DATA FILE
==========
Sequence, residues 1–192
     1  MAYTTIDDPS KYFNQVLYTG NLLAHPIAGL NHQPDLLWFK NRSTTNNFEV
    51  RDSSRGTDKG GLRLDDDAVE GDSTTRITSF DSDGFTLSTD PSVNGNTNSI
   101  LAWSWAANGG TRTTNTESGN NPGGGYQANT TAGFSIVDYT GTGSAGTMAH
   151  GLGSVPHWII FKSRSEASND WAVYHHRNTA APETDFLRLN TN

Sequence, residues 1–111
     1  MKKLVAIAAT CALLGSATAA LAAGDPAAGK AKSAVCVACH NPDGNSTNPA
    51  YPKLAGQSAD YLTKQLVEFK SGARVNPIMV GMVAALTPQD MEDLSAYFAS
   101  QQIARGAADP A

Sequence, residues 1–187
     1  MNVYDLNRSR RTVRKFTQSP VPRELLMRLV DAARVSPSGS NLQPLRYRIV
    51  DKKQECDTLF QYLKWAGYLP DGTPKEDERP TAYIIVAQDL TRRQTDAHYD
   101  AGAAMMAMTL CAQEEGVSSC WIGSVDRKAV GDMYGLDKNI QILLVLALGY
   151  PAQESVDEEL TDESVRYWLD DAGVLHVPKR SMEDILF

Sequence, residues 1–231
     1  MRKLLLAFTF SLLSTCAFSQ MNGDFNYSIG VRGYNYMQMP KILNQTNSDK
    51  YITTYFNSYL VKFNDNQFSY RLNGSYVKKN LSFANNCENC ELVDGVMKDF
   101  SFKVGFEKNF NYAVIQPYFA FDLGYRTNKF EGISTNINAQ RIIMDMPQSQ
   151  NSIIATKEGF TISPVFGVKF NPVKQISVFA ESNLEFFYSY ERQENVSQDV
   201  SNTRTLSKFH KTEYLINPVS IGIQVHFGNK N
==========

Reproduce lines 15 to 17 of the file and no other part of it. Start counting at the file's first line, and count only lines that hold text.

Sequence, residues 1–231
     1  MRKLLLAFTF SLLSTCAFSQ MNGDFNYSIG VRGYNYMQMP KILNQTNSDK
    51  YITTYFNSYL VKFNDNQFSY RLNGSYVKKN LSFANNCENC ELVDGVMKDF